Unknown Speaker 1:30:48
That’s helpful. And so to bring it back to the inventory, or to connect it to the inventory, then if I’m understanding you, you know, and we can even talk about next steps. So you get the inventory, you have all this data, you have this information, you’re able to parse through it with leadership, and then it just it scaffolds downward is what I’m going to say, into the building level to ensure that people who are interacting with the students have the resources that they need to ultimately ensure that the students have the resources that they need and opportunities xOP fair in my layman’s terms. Okay, thank you. I appreciate it. Board members, questions or comments on the survey this evening. An inventory sorry,

Unknown Speaker 1:31:35
I can just I just wanted to make a general comment that you’ve just cast a wide net over our students that feels so protective, you know, despite their just obvious mental health issues in every population, but I love the professional development for all staff, because you never know what staff member is going to impact a student or that a student will trust. So I love that the professional development is open to all for addressing student needs. And, and that you’re really focused on addressing the social determinants of health, because we know that of mental health, really, we know how much of an impact that those disparities play in, in our population. So thank you, for your attention.

Unknown Speaker 1:32:26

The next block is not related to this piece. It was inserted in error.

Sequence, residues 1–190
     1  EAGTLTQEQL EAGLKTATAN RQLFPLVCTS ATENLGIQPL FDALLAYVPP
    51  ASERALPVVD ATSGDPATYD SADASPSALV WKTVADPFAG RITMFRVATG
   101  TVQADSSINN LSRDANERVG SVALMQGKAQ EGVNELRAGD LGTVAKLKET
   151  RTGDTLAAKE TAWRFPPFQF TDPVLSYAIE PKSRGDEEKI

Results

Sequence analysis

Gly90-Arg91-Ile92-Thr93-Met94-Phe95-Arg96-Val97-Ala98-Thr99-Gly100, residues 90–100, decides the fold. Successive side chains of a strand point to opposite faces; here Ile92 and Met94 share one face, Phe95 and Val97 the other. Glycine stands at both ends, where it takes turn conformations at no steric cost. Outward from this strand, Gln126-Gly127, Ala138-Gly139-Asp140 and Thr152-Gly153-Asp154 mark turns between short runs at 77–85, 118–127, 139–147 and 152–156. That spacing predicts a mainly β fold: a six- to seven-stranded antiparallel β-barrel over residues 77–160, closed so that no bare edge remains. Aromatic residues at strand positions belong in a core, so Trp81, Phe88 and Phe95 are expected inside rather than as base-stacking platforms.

Appreciate that. And we would be remiss if we didn’t say in partnership with our with our community partners, they are I mean, they, they’re gold, they really support us and support our students. So that’s why it’s important that we have a dedicated space and time to be able to hear from them. They hear from us.

Unknown Speaker 1:32:45
Absolutely. And when we say each and every student each and every day, we mean that. It’s not just about the academics. It’s not about color, it’s not about you. It’s everything from our gifted students, to our students with disabilities. When we talk about professional developments, we talk about unique populations that need an extra layer, or maybe we lead and we need to learn from right when we’re talking about our community partners. We invite those thought those thought partners in the work that we do, so yes, professional development includes the entire student, second language learners, all of it.

Unknown Speaker 1:33:25
Thank you. Me, OSHA. I can’t I’m sorry. Did you say you had a comment? You didn’t I apologize. Dr. Martyr,

Unknown Speaker 1:33:35
was one of those guys over here.

Unknown Speaker 1:33:37
Well, I was thinking I would go around, I would go around the horn, so to speak. So my apologies, Dr. Martyr,

Unknown Speaker 1:33:43